Carol Folt has finally reclaimed the moral high ground – but at the cost of her job. After six years as chancellor, Folt announced that she will be resigning in May 2019. And for that, the Editorial Board, for the first time this academic year, commends her.
Resignation seemed like the only outcome to a situation where compromise only exacerbated tensions on campus. Siding with students and faculty would alienate the conservative General Assembly. Siding with these authorities would, frankly, be racist and uphold white supremacy. Taking middle ground, the path Folt naively chose, angered everyone and displayed a clear lack of leadership in a University that so desperately needed it.
In her official resignation statement, Folt said she authorized the removal of Silent Sam’s pedestal from McCorkle Place. It’s a move that was a long time coming. For the Editorial Board, it represents the struggles the anti-Silent Sam activists have faced against institutions such as the administration, law enforcement and even this very paper, coming to a culmination. The Chapel Hill community, finally moving toward the “new and the next,” as Folt stated in her statement of resignation, will be indebted to these activists for generations to come. And the Editorial Board would like to thank them.
The Board hopes that this small but significant victory is evidence of Folt’s greater commitment to finally ridding our campus of the platform it has given to racism and white supremacy for so many years.
Although Folt has brought many improvements to the University, including Campaign for Carolina, record-breaking research expenditures and the largest first-year class in the University’s history, her tenure has been overshadowed by her passivity toward Silent Sam and a lack of transparency to the media and student body. She disregarded the concerns of students and faculty of color as she placed them on the front covers of diversity brochures. Seemingly every decision about Silent Sam, including the proposed $5.3 million shrine on South Campus, was made without considering the students who are the foundation of this University.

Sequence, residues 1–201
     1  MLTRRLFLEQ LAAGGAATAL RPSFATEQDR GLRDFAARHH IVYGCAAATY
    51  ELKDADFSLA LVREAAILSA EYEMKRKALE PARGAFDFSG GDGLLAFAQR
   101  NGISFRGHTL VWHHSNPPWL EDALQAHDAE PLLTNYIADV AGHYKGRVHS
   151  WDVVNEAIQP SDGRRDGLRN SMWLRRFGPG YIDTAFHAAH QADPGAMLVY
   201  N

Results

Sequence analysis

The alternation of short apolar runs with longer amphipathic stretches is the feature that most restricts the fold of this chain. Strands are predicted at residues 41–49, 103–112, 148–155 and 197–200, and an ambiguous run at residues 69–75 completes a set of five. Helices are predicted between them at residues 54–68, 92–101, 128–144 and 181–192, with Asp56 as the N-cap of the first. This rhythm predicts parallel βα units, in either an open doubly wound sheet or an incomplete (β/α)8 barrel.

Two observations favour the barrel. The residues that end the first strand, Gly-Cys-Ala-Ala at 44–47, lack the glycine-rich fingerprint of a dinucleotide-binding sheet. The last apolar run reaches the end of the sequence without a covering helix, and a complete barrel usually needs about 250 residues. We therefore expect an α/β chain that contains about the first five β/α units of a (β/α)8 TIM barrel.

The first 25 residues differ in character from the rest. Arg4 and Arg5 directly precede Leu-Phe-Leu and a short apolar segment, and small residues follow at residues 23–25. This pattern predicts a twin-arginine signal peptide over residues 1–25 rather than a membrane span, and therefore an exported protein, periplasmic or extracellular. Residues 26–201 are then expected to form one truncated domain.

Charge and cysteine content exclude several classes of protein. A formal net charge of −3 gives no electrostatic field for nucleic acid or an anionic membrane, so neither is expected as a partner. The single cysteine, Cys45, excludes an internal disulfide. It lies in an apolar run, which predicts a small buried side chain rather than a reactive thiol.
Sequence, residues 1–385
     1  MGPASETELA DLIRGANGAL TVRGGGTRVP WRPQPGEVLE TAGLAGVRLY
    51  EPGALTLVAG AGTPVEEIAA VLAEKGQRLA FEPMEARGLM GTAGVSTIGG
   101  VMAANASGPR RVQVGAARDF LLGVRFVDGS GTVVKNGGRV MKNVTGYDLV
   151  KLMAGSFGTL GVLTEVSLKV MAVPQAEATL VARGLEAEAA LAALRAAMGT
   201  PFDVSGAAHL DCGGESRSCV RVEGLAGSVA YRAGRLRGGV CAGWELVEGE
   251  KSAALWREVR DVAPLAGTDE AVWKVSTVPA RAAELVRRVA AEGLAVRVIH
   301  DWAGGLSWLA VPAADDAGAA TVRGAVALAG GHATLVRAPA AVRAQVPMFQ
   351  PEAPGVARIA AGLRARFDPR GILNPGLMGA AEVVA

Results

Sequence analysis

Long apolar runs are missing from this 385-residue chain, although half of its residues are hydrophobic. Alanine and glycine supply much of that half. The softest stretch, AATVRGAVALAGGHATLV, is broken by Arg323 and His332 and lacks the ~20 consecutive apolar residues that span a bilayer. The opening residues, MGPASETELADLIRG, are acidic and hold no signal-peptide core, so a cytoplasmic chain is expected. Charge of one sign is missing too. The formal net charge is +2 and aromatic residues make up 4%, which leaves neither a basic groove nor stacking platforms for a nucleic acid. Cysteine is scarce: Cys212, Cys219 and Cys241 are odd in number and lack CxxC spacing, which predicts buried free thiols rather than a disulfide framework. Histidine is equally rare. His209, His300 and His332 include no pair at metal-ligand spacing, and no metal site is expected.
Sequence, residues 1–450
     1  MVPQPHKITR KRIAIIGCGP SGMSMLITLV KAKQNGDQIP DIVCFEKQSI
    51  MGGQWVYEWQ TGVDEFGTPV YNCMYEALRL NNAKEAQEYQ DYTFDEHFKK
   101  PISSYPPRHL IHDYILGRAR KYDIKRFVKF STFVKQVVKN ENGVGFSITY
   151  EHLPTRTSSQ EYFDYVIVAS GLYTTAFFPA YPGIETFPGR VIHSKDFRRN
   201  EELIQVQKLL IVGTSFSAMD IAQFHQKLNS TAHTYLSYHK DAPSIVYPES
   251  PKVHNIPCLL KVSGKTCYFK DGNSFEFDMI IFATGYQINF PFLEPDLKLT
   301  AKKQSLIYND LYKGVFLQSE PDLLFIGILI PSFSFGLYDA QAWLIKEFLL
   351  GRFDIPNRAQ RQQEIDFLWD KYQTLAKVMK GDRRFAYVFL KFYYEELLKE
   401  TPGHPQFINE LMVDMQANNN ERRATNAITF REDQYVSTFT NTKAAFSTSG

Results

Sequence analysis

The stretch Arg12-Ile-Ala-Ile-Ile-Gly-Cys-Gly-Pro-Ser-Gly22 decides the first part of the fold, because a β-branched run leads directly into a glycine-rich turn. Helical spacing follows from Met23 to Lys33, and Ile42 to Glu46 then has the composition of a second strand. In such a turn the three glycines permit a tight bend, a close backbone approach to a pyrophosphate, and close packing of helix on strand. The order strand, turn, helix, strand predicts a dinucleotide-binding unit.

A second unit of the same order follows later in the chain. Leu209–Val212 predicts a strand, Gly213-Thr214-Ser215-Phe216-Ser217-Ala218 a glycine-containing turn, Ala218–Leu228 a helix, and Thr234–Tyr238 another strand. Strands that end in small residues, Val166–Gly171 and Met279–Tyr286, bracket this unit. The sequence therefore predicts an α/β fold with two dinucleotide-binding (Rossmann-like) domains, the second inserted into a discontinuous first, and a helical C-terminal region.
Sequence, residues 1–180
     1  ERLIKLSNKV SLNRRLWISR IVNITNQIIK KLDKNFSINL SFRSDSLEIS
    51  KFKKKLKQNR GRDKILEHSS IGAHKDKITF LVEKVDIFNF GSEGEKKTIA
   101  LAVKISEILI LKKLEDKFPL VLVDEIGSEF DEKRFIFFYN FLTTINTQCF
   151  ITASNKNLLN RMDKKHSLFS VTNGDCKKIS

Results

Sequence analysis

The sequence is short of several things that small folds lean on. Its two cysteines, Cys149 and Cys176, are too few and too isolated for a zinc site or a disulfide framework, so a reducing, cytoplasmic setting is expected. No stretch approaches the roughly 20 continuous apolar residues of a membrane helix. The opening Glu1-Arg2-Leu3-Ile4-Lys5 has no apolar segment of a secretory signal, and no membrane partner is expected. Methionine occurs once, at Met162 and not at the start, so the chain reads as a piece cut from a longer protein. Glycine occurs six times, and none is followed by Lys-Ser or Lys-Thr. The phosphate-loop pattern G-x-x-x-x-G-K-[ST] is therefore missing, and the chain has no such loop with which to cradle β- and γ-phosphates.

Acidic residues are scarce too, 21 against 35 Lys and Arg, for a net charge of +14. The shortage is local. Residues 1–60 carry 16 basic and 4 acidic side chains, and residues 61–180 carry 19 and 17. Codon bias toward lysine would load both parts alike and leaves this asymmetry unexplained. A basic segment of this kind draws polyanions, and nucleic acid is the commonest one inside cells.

But for her remaining four months as Chancellor, Folt has the opportunity to reverse the legacy she is going to leave behind. There are no consequences to the course of action Folt decides to take — by May, she will be without a job anyways.
Now is the time to correct her wrongs, to truly be a champion for this University and the students and faculty who belong to it. Removing the pedestal is a step in the right direction, but there is work to be done. There are still buildings named after white supremacists, no clear solution to Silent Sam, systemic oppression that plagues our campus. The Editorial Board can understand the legal implications and politics behind Folt’s former attitude toward Silent Sam, but her passivity has no excuse now.
In the remaining months, the Editorial Board would also encourage Folt and the administration to be more transparent and include students and faculty in discussions involving the University. The Editorial Board has championed for this numerous times throughout the year; opaqueness is what led to the widespread distrust toward Folt and her eventual downfall.
Silent Sam has become the face of the University. It’s unfortunate, and has been perpetuated by Folt’s lack of leadership. Folt is not the first administrative official to resign this year — UNC-system President Margaret Spellings and Vice Chancellor Winston Crisp also stepped down in October, their exits presumably related to the Silent Sam debacle. The inaction and lack of transparency from the administration in response to Silent Sam has resulted in an avalanche of backlash from the student body, faculty, alumni and the general public, but the University has seemingly refused to give in to the pressure until now.